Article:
Julio "Chocolate" Algendones is one of the essential percussionists in the great tradition of Afro-Peruvian music. Peru's Master Percussionist collects recordings made in 1990 in Las Vegas, during a trip that the artist made as a member of Peruvian jazz group Perujazz. The album was produced by the Englishman J. Blue Sheppard and released in 1991 by the New York-based label Lyrichord. It also includes a track originally recorded and published in Lima, in 1984. This reissue on Buh Records presents the material in remastered form and, for the first time ever, in a vinyl edition. Peru's Master Percussionist combines festejo rhythms, of Afro-Peruvian origin, with the polyrhythms of the Santeria rituals of Haiti and Cuba. Using congas, kalimbas, seeds, and cajon, Chocolate embarks on a journey towards the original Yoruba sounds, of African roots. The cajon (a percussion instrument representative of Afro-Peruvian culture) is incorporated into the hypnotic, trance-inducing rhythmic repetitions that Chocolate generates. In the end, Perujazz makes an appearance with a discharge of avant-garde jazz, in a culminating moment, to close a creative and exceptional circle, which at the same time is the perfect summary of a career that led Chocolate to move in the heart of Afro-Peruvian culture and on the edges of the avant-garde jazz. This album is a masterpiece that presents Chocolate in the fullness of his virtues as a master percussionist, as a musician who transcended all classification, who inspired many and whose creative impulse has found its place in an area where Afro-Peruvian culture, Santeria, and the avant-garde converge. Peru's Master Percussionist inaugurates the series of Perspectives on Afro-Peruvian Music. The Collection which will reveal some of the best-kept secrets of black rhythms of Peru. Artwork by Peruvian collage master Yerko Zlatar. Includes Spanish-English liner notes.
Chocolate was born Julio Algendones in 1934 in Peru. He grew up in a community of poor black farm workers and was carried by his mother as she picked cotton. When he was older and had begun to develop his considerable musical talents, he earned enough money to survive by performing in bars and clubs, surrounded by the colorful and violent life of Lima's streets. Chocolate took hold of his music and his deeply religious path of Macumba and Santeria. He began to find a power in his soul that took form in his music. This reality of Chocolate’s past is what produces the real depth of his sound today. Chocolate begins this master work of percussion with sophistication and simplicity. The piece is called Un Niño en Tiempo. Then, Conga Forte, Rico Cajon begins to demonstrate the magnitude of Chocolate’s rhythmic skills. Perhaps for the more sophisticated audience, this piece is one of the most wonderful journeys of rhythm and humor in percussion ever recorded. The cajon has become a trademark of Chocolate’s music. The congas are interlaced with the rich cajon sound in an elaborate and rhythmic odyssey. Añi Añi Manola reflects Chocolate’s African ancestry and his deep instinct for ceremony and celebration. His followers in Peru gather in a powerful musical ritual which weaves Chocolate’s magic into a unique tapestry of sound that is characteristic of the Afro-Peruvian genre. Un Tych closes this album with a dramatic and pyrotechnic finale in which Chocolate is assisted by members of his revolutionary musical group Perujazz. - J. Blue Sheppard, edited by Nick Fritsch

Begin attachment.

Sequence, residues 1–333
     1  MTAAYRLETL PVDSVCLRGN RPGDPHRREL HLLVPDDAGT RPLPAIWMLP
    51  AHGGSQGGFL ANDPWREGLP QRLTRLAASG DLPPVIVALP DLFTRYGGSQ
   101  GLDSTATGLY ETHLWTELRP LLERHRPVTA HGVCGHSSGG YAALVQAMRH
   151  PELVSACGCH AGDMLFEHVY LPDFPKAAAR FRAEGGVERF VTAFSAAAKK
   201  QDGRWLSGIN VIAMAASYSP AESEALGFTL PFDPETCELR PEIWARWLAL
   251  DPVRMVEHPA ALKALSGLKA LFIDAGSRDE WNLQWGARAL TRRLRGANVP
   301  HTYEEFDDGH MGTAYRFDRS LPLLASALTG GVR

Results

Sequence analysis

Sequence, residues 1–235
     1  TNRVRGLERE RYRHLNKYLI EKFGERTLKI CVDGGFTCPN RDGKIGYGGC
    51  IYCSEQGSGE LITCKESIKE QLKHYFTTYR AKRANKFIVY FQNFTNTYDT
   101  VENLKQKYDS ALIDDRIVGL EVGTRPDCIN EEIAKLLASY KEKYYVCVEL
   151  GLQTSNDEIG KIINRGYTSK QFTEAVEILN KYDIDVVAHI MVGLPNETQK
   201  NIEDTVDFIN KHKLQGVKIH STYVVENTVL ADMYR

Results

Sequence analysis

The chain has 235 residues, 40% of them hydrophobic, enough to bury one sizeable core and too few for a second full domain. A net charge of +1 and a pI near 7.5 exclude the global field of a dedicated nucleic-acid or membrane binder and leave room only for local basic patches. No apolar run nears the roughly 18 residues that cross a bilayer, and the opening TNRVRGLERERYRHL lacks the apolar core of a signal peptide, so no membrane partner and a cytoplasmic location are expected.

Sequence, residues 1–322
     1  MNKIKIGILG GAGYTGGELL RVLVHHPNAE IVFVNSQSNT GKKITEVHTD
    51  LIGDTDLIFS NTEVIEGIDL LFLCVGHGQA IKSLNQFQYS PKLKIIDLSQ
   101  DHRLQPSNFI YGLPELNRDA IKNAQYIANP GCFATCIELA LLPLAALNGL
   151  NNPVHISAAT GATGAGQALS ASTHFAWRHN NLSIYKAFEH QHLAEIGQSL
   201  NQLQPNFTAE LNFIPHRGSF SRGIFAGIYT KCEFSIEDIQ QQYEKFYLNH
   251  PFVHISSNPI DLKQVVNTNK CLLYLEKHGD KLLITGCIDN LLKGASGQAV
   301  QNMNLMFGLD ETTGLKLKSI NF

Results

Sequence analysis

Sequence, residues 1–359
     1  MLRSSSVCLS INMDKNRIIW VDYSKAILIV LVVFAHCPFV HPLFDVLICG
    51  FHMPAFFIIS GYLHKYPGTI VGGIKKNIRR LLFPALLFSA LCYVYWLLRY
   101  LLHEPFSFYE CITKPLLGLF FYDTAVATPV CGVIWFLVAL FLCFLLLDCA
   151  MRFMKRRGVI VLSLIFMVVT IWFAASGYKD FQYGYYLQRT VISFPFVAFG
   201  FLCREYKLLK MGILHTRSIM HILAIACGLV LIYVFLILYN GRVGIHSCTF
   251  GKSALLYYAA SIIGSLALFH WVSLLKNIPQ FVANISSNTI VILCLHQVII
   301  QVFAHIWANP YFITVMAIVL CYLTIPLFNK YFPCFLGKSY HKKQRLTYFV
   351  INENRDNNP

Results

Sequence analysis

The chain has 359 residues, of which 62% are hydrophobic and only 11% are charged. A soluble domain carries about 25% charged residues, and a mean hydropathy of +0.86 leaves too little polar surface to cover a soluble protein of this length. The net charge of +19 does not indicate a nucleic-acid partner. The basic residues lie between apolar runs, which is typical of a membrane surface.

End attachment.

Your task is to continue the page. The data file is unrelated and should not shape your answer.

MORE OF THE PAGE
African slaves were brought to the Spanish colony of Peru, in the 16th century, to work the gold and silver mines of the high Andes. However, their bodies were not well suited to survive in the high altitude and they died by the hundreds. Their Spanish or Criollo (born in Peru of Spanish decent) masters sent them down to work in the large haciendas (private farms), in the milder climate of the desert coast. It was in their small adobe huts, on the packed dirt floors of the courtyards overrun with animals and in the fields of cotton and sugarcane that Afro-Peruvian music, song and dance were born. The slaves played in the fields, and their songs were a means to warn others of the arrival of the “white devils”, to talk of the cruelty of slave masters, of freedom, as well as of the joys of their everyday life and loves. This tradition is still alive along the coast of Peru, especially in a small valley a few hundred miles south of Lima, named Chincha, which is predominantly populated by Peruvians of African descent, in the district of El Carmen. Afro-Peruvian music and dances were not meant to be performed only by specialists, but were part of a continuing conversation in weddings, baptisms, funerals and other celebrations, or whenever a few Afro-Peruvians gathered together during the evening to jam, or on the streets or in their living rooms. The religious origin of this music derives from African Santeria, which also pervades the ritual form of Caribbean music. The percussionist is seen as a sort of shaman who calls or evokes the spirits; he is a mediator between heaven and earth inasmuch as the spirits are expressed through his rhythms. The cajon is a wooden box-drum in which the player sits in order to play it. It is thought to have originated in Peru (although the Cubans also claim it as their own). The cajon has many voices. The cajonero makes it talk. Usually when Afro-Peruvians get together to make music, there is someone rattling the quijada de burro (a donkey’s jaw), and nowadays the guitar is also often incorporated, showing the influence of criollo traditions. These instruments reflect the fact that Afro-Peruvian music emerged in an impoverished milieu: it is a music for which all that is needed is your body and the nearest objects with which sound can be made. Another extremely important element is the zapateo, a peculiar form of tap-dancing that is performed with bare feet. Everyone was involved with this music, which used to go on throughout the evening, developing into an intense competition until daybreak, each participant trying to outperform the others with complex and subtle rhythms. It becomes a conversation between the dancers and the cajon as they work themselves into a late night ecstasy. There are also dance troupes with both male and female members, all in bare feet and wearing colorful costumes, the women in very short skirts, the men in knee length pants and open cotton shirts. For example, the Alcatraz is a courtship dance where male and female dancers cavort rhythmically with a small piece of cotton attached to their waist, which each in turn tries to set fire to with a candle as they dance. Other dances include the slow and sensuous Toro Mata, the zamacueca with its rhythmical pattern of waving handkerchiefs, the langorous landó and the joyous festejo. Chocolate is the most faithful representative of the cajon and this tradition of ritual drumming which very few people in Peru have maintained and kept alive in its purest form. He was one of the original founders of Perú Negro, which was the first troupe of Afro-Peruvian singers, dancers and musicians to exhibit their tradition outside of Peru. It was composed of a talented group of young black dancers and musicians who came together in an effort to preserve and refine their heritage. Chocolate has also performed around the world with another folkloric dance group called Matalaché. He was the drummer of the touring group of the renowned Peruvian artist Chabuca Granda. He is also a member of a new group by the name of Perujazz, which attempts to marry Afro-Peruvian and indigenous music to a contemporary jazz idiom. - Patricia Llosa